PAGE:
U-M Public Employee Union Still Seeking to Unionize Non-Employee Students
Victory could mean $1 million in annual extra dues payments for union bosses
One week ago, the Michigan Employment Relations Commission (MERC) dealt a big blow to the Graduate Employees Organization (GEO) at the University of Michigan. MERC voted 3-0 to reject the union’s petition to unionize graduate student research assistants (GSRAs), a move that would have doubled the GEO membership at the university and would have raised an estimated $1 million in dues. The GEO currently includes two other categories of graduate students: teaching assistants and graduate student staff assistants.
As a public employee union, the GEO needs MERC approval to hold an election on unionization. But in response to a request for this permission, MERC upheld its own 1981 ruling in a case involving the exact same unionization attempt, ruling that these student assistants are not public employees and therefore out of the agency’s jurisdiction.
The decision followed a Mackinac Center Legal Foundation challenge to a GEO petition asking MERC to certify the unionization election.
The GEO lamented this decision on its website, but insisted the fight’s not over. In fact, the GEO stated that MERC, the very agency that rejected their petition, will still help the union in its unionization efforts:
“MERC’s decision does not prevent GSRAs from participating in an election. To the contrary, MERC recommended that GEO and the University move forward with the election. In addition, MERC offered to conduct the election.”
Other media reports also indicate MERC’s decision has clearly not derailed the GEO’s desire to bring more students into its public employee union. GEO President Samantha Montgomery told Ann Arbor.com on Aug. 8: “This is not the end,” and, “we’re hoping to continue to keep working with the university to reach a finalized decision.”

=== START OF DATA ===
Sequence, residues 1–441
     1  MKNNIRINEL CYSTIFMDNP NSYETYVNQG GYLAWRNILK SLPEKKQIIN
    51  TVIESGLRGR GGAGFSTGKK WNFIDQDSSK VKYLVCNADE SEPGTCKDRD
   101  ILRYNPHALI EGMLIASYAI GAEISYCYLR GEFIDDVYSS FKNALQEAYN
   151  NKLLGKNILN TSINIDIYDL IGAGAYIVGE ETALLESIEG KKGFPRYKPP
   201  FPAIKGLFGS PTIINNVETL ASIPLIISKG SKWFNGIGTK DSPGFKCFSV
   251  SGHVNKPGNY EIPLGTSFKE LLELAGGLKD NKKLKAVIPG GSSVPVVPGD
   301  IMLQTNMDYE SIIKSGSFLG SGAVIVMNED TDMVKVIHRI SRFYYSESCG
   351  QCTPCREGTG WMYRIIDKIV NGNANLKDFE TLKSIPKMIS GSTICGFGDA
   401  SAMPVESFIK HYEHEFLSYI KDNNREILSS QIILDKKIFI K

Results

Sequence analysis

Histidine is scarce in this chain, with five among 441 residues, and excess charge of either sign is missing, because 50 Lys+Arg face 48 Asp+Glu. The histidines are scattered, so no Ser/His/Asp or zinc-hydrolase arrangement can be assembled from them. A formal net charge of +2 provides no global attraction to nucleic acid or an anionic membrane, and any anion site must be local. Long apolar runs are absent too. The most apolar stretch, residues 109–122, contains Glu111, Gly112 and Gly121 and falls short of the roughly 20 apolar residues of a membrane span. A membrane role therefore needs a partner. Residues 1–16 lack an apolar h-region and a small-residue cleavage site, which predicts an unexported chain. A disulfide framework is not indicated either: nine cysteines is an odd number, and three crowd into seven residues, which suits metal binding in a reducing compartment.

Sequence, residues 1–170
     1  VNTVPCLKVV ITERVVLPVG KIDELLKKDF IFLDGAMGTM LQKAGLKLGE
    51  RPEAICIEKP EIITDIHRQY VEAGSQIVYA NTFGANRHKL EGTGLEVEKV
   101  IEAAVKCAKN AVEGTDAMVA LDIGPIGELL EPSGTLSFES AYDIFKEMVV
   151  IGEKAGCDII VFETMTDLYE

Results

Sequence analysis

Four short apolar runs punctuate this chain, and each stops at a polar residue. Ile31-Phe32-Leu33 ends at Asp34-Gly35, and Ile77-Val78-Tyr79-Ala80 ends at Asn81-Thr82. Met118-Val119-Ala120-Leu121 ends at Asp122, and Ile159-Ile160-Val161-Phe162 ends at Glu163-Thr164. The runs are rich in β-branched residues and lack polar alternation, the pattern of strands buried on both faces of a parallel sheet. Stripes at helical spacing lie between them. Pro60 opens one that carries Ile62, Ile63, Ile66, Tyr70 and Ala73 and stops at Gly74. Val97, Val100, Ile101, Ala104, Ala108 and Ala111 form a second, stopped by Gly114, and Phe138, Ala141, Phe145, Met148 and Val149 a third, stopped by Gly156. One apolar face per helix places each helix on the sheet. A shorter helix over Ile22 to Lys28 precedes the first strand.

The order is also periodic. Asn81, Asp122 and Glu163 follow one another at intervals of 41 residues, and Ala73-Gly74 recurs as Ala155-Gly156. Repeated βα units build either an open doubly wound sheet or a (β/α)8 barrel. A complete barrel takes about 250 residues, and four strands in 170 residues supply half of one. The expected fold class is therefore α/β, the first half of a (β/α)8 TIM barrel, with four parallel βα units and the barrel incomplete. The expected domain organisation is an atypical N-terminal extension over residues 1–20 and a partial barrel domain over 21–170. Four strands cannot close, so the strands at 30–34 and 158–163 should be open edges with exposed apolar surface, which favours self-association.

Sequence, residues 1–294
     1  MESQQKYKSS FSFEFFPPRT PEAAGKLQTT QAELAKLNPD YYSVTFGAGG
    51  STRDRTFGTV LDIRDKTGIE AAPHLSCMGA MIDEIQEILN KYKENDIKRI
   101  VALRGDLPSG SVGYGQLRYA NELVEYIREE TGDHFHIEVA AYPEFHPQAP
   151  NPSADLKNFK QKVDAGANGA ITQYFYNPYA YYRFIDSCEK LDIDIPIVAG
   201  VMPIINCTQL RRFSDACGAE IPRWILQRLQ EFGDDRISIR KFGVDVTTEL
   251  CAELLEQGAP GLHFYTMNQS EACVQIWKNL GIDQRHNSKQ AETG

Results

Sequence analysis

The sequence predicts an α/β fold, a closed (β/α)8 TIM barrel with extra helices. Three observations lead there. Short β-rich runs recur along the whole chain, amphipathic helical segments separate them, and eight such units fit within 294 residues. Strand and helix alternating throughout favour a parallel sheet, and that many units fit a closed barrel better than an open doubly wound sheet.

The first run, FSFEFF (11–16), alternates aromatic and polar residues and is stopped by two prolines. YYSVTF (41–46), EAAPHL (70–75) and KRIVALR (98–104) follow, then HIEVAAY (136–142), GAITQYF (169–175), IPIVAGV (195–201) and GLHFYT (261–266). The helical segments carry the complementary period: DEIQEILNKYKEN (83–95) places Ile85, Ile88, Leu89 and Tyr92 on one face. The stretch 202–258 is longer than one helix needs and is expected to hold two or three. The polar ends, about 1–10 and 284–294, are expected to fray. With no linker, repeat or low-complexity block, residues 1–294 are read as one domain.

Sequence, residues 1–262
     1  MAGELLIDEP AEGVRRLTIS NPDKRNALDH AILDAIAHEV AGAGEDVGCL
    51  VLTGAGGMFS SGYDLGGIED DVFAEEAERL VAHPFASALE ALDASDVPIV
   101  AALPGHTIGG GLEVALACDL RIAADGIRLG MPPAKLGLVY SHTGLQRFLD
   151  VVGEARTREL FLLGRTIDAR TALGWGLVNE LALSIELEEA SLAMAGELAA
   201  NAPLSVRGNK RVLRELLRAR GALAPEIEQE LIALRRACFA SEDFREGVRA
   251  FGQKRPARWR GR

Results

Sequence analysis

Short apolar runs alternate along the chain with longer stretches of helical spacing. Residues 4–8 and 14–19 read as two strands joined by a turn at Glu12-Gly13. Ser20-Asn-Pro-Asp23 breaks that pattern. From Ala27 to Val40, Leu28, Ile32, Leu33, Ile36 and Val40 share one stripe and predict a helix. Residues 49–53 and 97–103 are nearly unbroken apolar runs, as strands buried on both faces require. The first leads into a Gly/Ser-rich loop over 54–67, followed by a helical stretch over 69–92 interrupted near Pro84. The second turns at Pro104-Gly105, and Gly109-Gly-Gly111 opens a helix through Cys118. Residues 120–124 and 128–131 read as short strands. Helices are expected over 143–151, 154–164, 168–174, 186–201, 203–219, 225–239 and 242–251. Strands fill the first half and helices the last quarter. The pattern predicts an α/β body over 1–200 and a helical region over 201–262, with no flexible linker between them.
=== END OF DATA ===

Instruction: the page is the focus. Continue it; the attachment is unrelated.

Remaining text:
Montgomery, however, also acknowledges the main problem with her group’s efforts: MERC’s 1981 declaration that the GSRA’s are not public employees. She was cited in AnnArbor.com as saying that the GEO was “still figuring out how graduate student research assistants would be worked into the union… given the (MERC’s) ruling that they are not public employees and cannot unionize.”
Patrick Wright, director of the Mackinac Center Legal Foundation says the GEO can move ahead with an election. However, any resulting unionization would be non-binding. Therefore, he says the motives behind MERC’s cooperation to help the GEO’s seemingly stubborn drive to push non-public employees into its union are suspect: “Why is MERC helping with a non-binding election?”
The university is also apparently working with the GEO to eventually hold an election. The GEO’s website says the following: “GEO plans to work with the University of Michigan to set the details of the election.”
Wright says any election that happens should raise red flags about cost, if nothing else.
“If the union’s not paying for it,” said Wright, “then the question becomes, ‘Why would we be spending government money on a non-binding election in the first place?’ I don’t think the university or MERC should help. It’s showing favoritism for no reason.”
That favoritism, Wright says, could pave the way to more serious political consequences.
“The union activists will stay active,” he said, “and this could turn the election process into a political statement that many graduate students want no part of and thus low voter turnout among many graduate students who want no part of a union.”
Wright said a lopsided election could result and what’s alarming is that the GEO could use these results as grounds to appeal the MERC decision.
“This would allow the GEO to gain the monopoly bargaining power the union has been seeking all along.”
Michigan Capitol Confidential is the news source produced by the Mackinac Center for Public Policy. Michigan Capitol Confidential reports with a free-market news perspective.